|Me And You And Everyone We Know (2005) USA|
Accompanying one of her regular clients on a shoe-purchasing expedition, Christine begins a reluctant courtship with the emotionally burned Richard, who believes the right pair of shoes can change a person's life, but who hasn't quite figured out how to be a responsible father to his two young sons. Christine and Richard have obviously formed some kind of connection, but both are so dysfunctionally shy, that a substantial connection seems unlikely.
Richard's 7-year-old Robby (Brandon Ratcliff) loves playing on his computer and enters into an Internet flirtation with a mysterious older woman, seducing her with his infantile obsession with poop. His 14-year-old Peter (Miles Thompson) finds himself on the receiving end of a challenge between two precocious girls (Natasha Slayton, Najarra Townsend) who wish to know which one of them gives better oral satisfaction.
And lets not forget the 12-year-old neighbor girl (Carlie Westerman) obsessed with acquiring first-class consumer items for her hope chest. She likes to parade her purchases for all to see, especially for Peter with whom she has a bit of a crush on.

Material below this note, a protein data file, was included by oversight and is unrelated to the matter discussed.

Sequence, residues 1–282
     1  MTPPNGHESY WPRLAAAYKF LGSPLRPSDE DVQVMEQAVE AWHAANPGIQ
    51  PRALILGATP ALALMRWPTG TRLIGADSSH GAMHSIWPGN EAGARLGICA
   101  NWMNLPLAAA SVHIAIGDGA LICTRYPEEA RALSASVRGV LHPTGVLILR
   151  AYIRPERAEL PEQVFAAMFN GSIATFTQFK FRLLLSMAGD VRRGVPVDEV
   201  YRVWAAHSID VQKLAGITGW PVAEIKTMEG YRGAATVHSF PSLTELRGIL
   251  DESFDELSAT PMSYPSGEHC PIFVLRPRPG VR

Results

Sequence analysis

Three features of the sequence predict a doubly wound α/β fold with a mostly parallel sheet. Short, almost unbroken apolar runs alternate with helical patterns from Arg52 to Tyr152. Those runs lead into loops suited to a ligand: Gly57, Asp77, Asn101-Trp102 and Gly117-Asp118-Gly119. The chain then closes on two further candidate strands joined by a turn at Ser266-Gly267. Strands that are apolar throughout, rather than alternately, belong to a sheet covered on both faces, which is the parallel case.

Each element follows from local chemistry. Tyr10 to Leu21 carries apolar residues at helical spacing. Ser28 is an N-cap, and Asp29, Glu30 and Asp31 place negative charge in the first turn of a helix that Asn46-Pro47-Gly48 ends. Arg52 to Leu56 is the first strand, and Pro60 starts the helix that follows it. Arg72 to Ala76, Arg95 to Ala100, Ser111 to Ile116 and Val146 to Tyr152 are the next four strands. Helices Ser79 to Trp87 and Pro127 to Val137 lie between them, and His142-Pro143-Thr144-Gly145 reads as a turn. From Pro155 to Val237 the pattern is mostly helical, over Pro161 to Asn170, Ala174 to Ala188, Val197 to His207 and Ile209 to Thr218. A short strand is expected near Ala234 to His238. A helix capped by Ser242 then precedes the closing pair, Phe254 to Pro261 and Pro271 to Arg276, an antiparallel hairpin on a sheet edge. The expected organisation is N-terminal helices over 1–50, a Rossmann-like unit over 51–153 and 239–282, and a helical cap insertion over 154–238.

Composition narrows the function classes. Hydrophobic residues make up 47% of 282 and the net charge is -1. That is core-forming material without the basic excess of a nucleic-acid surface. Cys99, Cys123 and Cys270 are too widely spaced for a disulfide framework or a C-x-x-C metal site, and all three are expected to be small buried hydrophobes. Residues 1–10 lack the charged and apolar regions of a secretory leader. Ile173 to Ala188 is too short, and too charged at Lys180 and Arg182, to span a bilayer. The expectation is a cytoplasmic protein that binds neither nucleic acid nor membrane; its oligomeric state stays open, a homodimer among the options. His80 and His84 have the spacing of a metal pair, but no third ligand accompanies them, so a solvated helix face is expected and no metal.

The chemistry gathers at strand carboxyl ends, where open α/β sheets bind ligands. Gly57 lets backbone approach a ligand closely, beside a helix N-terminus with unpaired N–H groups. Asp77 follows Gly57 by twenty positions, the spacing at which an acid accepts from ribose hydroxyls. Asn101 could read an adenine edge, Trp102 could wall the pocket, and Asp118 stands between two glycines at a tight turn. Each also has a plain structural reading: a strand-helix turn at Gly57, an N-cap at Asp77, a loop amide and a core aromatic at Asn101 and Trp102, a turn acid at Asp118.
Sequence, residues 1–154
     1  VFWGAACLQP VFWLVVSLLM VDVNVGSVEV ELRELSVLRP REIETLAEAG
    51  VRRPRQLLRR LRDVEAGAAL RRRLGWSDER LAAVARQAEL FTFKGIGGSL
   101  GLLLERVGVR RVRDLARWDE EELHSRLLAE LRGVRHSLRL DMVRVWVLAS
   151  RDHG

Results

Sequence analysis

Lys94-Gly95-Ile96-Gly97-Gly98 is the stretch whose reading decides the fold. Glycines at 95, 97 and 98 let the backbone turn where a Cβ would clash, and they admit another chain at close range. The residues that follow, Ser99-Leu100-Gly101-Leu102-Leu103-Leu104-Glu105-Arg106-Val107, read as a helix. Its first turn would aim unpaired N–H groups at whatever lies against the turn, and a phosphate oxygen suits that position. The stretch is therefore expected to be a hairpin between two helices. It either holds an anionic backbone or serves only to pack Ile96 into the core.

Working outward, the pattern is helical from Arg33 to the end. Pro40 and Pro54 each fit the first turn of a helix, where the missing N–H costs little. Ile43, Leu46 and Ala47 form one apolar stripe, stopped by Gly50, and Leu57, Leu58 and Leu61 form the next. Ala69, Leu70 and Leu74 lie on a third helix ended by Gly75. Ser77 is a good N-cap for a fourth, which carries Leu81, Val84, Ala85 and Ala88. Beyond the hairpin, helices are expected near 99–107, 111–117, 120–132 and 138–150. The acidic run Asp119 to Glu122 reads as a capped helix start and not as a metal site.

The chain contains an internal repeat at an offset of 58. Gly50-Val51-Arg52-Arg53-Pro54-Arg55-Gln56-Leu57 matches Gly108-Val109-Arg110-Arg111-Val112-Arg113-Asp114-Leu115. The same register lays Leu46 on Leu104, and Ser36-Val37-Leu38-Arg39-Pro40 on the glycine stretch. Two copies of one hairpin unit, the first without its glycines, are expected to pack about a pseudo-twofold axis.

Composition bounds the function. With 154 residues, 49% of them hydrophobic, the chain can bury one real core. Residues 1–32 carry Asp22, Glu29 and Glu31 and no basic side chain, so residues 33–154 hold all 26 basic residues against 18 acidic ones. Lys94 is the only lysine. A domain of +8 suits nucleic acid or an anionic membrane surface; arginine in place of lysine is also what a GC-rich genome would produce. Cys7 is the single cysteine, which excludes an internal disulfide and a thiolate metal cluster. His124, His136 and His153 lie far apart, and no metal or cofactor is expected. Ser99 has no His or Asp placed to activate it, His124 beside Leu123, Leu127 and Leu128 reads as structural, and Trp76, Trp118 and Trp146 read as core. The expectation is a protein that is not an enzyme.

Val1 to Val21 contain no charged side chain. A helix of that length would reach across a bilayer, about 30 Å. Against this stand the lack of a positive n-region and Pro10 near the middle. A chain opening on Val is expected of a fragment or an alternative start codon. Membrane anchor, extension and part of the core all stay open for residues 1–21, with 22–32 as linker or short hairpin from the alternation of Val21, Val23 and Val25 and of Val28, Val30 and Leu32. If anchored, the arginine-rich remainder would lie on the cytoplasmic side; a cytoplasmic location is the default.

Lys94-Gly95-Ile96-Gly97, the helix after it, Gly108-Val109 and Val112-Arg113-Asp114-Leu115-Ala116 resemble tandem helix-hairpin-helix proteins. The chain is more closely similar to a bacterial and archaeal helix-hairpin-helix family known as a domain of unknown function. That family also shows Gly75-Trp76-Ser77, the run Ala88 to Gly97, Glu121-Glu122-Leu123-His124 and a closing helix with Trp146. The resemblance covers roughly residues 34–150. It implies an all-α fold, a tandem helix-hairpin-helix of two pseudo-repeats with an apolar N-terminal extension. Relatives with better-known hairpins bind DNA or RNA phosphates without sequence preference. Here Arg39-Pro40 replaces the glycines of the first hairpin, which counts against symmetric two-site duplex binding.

Peppered with bizarre characters and oddball scenarios, You and Me and Everyone I Know is like nothing you've ever seen before. Written and Directed by the talented Miranda July, the film cleverly skewers the world of installation art, weaving elements of the romantic comedy into story that is really about the need to connect in the modern world.
All these very different stories magically interlock and play out in a style that is quirky and unpredictable. In this film everyone is searching, where children long to become adults, adults yearn to recapture the innocence of youth, and everyone has difficulty finding true love at age 7 or 70. For a lot of viewers it may take a while to fully rise to July's wavelength and comprehend her offbeat sense of humour. But July stages and edits her work as if in time to an inner beat, ticking away in unpredictable fits and starts, so it's almost impossible not the get caught up in the film's sustained whimsy.
But it is July herself that anchors this film. She's such an appealing leading lady and a totally winning screen presence with her mop of curly hair and her wide inquisitive eyes. Obviously eccentric but also quite sensitive, the actress is totally in tune to the celestial coincidences that unite her characters, able to capture those small and indefinable moments of human experience. Mike Leonard January 06.